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With Rampant Looting and Floating Corpses, New Orleans Is a City of Despair

With Rampant Looting and Floating Corpses, New Orleans Is a City of Despair

Posted September. 03, 2005 08:34,   


In New Orleans, which was hit hardest by hurricane Katrina, there are still dead bodies floating on the streets. Thousands of people have been without food and drinking water for five days.

In many parts of the city which are still under water, desperate people without basic supplies continue to loot stores and carjack. Fires broke out because of gas leaks, and gunshots were fired. The whole city has slipped toward anarchy.

U.S. president George W. Bush warned, “Looting will not be tolerated.” National Guard troops were dispatched in armored vehicles to the afflicted areas on September 1 with a mission to restore order.

At an emergency meeting that night, the U.S. Congress approved the $10.5 billion emergency aid proposal proposed by president.

The City of Jazz Has Slipped into Lawlessness–

On September 1, CNN aired scenes showing police officers armed with small arms marching through the streets and a shopping mall far away on fire with sounds of helicopters heard in the background. The police warned CNN correspondents not to go to the downtown area because it was too dangerous.

In other parts of the city, groups of armed people are roaming the streets, buildings are on fire, and looters are ransacking stores. In the convention center, dead bodies are lying everywhere and there are even grim rumors of rapes.

About 7,400 National Guard troops were deployed to the affected areas as of September 1. And the number of troops will be increased to more than 18,000 next day. President Bush plans to visit New Orleans, Mississippi and Alabama on September 2.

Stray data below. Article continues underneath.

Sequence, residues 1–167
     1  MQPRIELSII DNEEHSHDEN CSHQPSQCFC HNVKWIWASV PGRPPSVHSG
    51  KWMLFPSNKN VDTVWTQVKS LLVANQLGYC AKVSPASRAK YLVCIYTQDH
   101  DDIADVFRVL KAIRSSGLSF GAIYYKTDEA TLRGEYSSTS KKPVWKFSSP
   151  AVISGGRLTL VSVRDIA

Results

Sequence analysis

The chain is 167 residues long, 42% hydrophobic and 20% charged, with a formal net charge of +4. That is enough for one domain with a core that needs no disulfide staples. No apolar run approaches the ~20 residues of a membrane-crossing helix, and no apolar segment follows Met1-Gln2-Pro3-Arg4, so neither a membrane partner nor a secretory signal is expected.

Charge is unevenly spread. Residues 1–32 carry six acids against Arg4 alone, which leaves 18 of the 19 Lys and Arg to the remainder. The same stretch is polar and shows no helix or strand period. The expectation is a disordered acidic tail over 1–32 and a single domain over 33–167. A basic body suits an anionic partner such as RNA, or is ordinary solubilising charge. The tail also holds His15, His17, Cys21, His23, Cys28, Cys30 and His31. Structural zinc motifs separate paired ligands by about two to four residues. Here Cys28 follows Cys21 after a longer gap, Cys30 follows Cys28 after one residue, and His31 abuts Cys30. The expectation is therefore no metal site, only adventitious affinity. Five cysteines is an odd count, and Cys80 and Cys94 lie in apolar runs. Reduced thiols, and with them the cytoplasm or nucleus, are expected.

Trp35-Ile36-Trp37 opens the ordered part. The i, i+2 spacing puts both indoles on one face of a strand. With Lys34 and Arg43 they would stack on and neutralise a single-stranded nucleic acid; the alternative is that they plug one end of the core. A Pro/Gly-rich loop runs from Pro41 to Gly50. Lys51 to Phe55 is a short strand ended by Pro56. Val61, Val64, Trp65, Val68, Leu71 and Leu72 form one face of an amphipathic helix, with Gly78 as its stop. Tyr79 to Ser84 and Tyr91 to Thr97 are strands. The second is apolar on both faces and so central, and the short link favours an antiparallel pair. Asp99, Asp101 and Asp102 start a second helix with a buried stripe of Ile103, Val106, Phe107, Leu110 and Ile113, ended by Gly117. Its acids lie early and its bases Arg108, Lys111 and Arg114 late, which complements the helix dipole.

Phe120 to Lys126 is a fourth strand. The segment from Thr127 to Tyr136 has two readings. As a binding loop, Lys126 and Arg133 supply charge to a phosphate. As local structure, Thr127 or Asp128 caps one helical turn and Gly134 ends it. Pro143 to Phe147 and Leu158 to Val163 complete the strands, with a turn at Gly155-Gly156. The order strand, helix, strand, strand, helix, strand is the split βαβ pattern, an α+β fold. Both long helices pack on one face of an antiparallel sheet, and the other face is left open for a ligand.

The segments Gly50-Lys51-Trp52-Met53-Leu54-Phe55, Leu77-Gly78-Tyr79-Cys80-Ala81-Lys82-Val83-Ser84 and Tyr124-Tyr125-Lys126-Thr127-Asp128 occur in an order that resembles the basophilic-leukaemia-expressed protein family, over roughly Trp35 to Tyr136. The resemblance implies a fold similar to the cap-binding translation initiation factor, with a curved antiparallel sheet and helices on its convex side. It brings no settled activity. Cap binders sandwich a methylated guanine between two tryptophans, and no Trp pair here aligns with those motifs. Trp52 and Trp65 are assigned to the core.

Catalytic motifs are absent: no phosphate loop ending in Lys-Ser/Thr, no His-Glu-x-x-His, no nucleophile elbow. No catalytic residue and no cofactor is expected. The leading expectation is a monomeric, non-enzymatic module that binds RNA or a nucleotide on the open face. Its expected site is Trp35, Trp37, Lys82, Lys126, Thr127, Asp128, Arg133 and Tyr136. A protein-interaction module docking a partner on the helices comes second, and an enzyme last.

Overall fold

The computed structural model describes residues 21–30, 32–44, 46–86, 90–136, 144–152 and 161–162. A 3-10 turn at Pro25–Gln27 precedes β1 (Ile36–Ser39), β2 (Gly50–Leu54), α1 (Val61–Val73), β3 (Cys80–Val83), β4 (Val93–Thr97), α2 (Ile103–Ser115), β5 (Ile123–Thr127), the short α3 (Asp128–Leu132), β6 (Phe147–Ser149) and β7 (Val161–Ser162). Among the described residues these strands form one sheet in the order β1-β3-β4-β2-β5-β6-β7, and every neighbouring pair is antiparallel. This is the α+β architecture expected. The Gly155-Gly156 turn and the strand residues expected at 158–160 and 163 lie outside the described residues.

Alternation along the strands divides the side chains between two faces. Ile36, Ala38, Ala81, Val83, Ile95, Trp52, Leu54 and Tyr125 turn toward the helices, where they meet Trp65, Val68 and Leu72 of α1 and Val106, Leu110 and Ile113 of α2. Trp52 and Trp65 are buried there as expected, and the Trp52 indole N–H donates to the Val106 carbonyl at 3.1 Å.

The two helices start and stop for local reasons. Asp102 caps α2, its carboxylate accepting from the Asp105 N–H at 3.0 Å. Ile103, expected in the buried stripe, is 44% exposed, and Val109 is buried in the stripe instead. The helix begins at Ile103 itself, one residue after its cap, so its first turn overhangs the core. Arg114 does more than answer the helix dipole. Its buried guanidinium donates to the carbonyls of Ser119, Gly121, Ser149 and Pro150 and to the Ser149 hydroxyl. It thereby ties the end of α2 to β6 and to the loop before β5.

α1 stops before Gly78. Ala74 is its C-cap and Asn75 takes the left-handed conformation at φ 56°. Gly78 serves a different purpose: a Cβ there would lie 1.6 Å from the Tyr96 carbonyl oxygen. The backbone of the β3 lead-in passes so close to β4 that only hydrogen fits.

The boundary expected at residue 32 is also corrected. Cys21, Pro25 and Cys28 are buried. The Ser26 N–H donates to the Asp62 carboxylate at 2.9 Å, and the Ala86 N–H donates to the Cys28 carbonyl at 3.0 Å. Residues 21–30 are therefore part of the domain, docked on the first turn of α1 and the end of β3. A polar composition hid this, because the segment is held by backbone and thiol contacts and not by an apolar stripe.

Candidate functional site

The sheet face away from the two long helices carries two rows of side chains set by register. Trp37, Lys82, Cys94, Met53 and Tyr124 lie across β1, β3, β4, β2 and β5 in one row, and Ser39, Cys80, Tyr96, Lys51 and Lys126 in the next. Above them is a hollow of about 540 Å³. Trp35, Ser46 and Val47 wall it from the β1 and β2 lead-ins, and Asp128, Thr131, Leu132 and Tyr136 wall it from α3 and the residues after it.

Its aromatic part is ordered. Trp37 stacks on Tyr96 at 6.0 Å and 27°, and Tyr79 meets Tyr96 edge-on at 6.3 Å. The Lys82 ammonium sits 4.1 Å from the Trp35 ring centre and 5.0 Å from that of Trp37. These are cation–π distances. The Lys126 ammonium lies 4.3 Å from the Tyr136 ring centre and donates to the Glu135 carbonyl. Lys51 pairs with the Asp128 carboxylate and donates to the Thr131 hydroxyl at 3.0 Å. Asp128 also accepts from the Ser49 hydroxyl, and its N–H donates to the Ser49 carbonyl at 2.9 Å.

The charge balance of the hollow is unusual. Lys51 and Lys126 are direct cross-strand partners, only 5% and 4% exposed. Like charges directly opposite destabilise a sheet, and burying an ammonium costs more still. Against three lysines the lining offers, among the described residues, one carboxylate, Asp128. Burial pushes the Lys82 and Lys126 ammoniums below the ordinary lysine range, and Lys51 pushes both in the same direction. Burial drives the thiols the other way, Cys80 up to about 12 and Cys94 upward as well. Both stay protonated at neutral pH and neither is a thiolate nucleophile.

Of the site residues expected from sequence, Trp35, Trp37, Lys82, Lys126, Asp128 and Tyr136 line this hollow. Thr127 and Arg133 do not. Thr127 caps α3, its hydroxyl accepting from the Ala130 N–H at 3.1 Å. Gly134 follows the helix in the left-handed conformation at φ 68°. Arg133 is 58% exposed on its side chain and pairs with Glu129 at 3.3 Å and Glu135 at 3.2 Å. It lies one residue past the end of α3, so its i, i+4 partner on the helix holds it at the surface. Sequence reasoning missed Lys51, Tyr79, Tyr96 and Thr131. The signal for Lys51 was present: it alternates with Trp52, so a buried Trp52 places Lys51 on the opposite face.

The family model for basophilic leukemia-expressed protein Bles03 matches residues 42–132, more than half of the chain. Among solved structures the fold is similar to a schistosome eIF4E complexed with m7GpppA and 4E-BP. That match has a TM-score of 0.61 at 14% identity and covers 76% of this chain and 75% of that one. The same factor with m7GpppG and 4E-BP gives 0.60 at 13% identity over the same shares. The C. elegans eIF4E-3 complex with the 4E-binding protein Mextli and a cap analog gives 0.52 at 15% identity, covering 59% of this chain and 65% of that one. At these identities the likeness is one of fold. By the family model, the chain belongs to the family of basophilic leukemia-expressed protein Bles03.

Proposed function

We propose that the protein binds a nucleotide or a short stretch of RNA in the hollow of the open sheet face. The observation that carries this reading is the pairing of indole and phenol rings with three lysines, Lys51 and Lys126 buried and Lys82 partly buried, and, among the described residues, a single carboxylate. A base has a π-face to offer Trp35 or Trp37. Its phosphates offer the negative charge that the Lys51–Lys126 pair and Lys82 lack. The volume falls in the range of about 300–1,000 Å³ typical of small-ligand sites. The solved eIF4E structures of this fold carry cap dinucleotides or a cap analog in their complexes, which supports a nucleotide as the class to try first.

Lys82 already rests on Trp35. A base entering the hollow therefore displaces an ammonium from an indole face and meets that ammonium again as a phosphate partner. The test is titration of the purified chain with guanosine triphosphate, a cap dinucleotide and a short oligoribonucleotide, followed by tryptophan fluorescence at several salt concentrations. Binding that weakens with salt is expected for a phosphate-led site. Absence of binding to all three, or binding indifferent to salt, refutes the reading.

Senator Mary Landrieu of Louisiana said in a press conference, “Thousands were killed by Hurricane Katrina.” Governor Kathleen Blanco of Louisiana also said, “We believe that the death toll from the storm and its aftermath will be in the thousands.”

After it was disclosed that thousands of people in the convention center near the Superdome in New Orleans had been left without any help, including drinking water and food, for five days, authorities were finally awakened to the gravity of the situation there.

Man-Made Disaster or Natural Disaster?-

There have been warnings of large-scale disasters in this area because the city lies lower than sea level and has an ineffective artificial flood control system. So controversy is brewing that this is a man-made disaster.

The government in particular is being criticized for not having done enough to prevent a disaster. The levees along Lake Pontchartrain and the Mississippi River can’t stand a category three or more powerful hurricane. Katrina was a powerful category 5.4 hurricane with torrential rain.

Furthermore, the Louisiana state government asked the federal government to allocate additional budget to improve the levees protection system last year. But as it was revealed that the Bush administration cut back the budget significantly, the administration can’t avoid sharing responsibility for the disaster.

Some point out that the construction of levees was not a good idea to prevent floods. As a result of the construction of levees, a huge coastal swamp, which could have prevented the floods in a more effective and environmentally friendly way than concrete waterways, has disappeared.

Soon-Taek Kwon maypole@donga.com